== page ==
Fish fights gum disease

Nov. 8, 2010
A new study shows a diet full of fish and nuts goes a long way to protect people from gum disease.

A diet full of fish and nuts goes a long way to protect people from gum disease — a new study has shown.
The research has suggested that polyunsaturated fatty acids (PUFAs), found in foods such as fatty fish and nuts, will help keep people's smiles healthy as it has been shown to help lower the risks of gum disease and periodontitis.

The research examined the diet of 182 adults between 1999 and 2004, and found that those who consumed the highest amounts of fatty acids were a 30% less likely to develop gum disease and 20% less likely to develop periodontitis (severe gum disease).

Lead researcher of the study, Dr. Asghar Z. Naqvi of Beth Israel Deaconess Medical Centre in Boston, said: "We found that n-3 fatty acid intake, particularly docosahexaenoic acid (DHA) and eicosapentaenoic acid (EPA) are inversely associated with periodontitis in the US population."

"To date, the treatment of periodontitis has primarily involved mechanical cleaning and local antibiotic application. A dietary therapy, if effective, might be a less expensive and safer method for the prevention and treatment of periodontitis."

Chief Executive of the British Dental Health Foundation, Dr. Nigel Carter, said: "Most people suffer from gum disease at some point in their life. What people tend not to realise is that it can actually lead to tooth loss if left untreated, and in this day and age, most people should be able to keep all their teeth for life.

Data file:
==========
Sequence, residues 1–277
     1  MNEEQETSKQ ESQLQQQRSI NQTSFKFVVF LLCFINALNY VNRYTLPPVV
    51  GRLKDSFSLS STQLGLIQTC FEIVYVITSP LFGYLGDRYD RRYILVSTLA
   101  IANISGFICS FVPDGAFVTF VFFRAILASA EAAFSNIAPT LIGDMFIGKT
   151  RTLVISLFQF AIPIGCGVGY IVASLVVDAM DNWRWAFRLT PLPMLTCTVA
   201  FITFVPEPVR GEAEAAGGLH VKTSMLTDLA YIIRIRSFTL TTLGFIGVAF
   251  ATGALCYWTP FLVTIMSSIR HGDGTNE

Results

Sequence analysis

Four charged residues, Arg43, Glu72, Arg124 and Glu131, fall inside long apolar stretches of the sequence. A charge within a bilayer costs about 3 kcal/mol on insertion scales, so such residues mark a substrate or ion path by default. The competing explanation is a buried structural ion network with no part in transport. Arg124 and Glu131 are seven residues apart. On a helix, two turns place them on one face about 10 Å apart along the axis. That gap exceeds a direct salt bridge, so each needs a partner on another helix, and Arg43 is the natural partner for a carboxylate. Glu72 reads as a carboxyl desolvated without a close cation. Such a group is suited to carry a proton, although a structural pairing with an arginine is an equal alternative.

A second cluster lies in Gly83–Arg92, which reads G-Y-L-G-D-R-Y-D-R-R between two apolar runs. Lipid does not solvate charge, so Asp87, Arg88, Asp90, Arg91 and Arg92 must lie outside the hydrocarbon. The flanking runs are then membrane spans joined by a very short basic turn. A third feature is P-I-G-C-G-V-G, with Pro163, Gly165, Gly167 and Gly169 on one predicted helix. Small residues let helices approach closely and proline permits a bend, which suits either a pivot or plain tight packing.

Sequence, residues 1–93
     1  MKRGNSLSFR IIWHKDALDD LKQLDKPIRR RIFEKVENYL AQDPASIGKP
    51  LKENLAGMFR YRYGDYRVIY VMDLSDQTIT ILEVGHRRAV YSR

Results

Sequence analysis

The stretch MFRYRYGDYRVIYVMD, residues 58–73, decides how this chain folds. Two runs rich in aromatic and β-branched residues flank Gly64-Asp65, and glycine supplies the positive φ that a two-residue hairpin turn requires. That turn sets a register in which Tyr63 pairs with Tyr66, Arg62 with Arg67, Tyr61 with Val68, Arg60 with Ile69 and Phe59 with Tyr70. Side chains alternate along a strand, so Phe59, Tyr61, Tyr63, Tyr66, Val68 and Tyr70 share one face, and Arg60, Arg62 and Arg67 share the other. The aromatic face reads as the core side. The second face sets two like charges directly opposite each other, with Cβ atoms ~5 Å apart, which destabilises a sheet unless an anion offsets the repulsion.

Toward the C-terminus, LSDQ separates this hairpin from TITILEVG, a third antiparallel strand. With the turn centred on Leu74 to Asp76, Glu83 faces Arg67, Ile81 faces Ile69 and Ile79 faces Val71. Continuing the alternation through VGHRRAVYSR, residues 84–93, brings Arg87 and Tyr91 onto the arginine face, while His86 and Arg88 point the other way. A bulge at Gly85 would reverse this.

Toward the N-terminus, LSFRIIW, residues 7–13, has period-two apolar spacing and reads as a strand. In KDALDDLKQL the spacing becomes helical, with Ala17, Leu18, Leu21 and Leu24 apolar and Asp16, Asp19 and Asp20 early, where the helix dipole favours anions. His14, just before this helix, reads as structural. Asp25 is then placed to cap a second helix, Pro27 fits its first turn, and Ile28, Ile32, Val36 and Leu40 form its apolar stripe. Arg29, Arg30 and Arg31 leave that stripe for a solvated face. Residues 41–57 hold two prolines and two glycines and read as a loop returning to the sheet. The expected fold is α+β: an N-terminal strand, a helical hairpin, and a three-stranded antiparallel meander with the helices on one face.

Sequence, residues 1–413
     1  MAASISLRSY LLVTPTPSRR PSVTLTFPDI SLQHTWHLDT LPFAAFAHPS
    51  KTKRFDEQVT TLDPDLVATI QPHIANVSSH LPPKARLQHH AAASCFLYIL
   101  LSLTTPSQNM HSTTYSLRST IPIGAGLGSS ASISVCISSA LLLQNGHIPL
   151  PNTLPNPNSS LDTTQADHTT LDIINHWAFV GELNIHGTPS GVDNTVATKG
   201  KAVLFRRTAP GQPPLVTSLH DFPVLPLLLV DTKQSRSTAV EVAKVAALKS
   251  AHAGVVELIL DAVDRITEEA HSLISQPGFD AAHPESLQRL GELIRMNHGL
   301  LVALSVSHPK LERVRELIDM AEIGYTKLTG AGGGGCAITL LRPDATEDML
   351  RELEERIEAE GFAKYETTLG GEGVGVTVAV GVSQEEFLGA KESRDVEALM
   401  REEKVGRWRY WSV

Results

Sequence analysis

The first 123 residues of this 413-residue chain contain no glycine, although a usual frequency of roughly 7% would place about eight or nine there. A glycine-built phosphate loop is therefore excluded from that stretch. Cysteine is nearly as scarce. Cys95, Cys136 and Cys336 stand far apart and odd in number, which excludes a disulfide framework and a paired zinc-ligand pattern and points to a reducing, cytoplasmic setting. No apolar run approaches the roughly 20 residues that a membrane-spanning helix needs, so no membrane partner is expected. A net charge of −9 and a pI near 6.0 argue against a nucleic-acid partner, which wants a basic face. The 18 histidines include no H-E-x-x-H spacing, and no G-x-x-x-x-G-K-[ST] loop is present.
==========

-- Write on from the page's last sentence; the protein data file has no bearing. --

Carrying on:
"This study shows that a small and relatively easy change in people's diet can massively improve the condition of their teeth and gums, which in turn can improve their overall well-being."

The study was published in the November issue of the Journal of the American Dietetic Association.
Gum disease is caused by plaque (the film of bacteria that forms on the surface of the teeth). To prevent and treat gum disease, all the plaque must be removed from the teeth every day by brushing twice a day and cleaning in between teeth with interdental brushes or floss.

Inflammation and soreness of the gums is one of the first signs of gum disease, and often gums bleed when they are brushed during cleaning. Over time gum disease becomes more severe and can impact the tissues supporting the teeth. The bone anchoring the teeth in the jaw is lost and the teeth become loose. If not treated, this can lead to teeth eventually falling out. As gum disease progresses to periodontal disease, there may be no apparent symptoms. This is why regular visits to the dentist or hygienist for regular checkups and cleaning are so important.

To speak to an expert about gum disease and how to treat it, contact the National Dental Helpline on 0845 063 1188. Staffed by qualified dental nurses and oral health educators, the helpline offers free, confidential and independent advice and information. Contact the helpline between 9 a.m. and 5 p.m., Monday to Friday, or alternatively e-mail the helpline with any oral health query at [email protected].

Naqvi et al. n-3 Fatty Acids and Periodontitis in US Adult. Journal of the American Dietetic Association. Nov. 2010; 110(11):1589-1780.

The British Dental Health Foundation is the UK's leading oral health charity, with a 39-year track record of providing public information and influencing government policy. It maintains a free consumer advice service, an impartial and objective product accreditation scheme, publishes and distributes a wide range of literature for the profession and consumers, and runs National Smile Month each May, to promote greater awareness of the benefits of better oral health.

A series of "Tell Me About. ..." leaflets covering topics such as caring for my teeth, gum disease, and diet are also available.

The Foundation's Web site can be found at

British Dental Health Foundation, Smile House 2 East Union Street, Rugby, . CV22 6AJ United Kingdom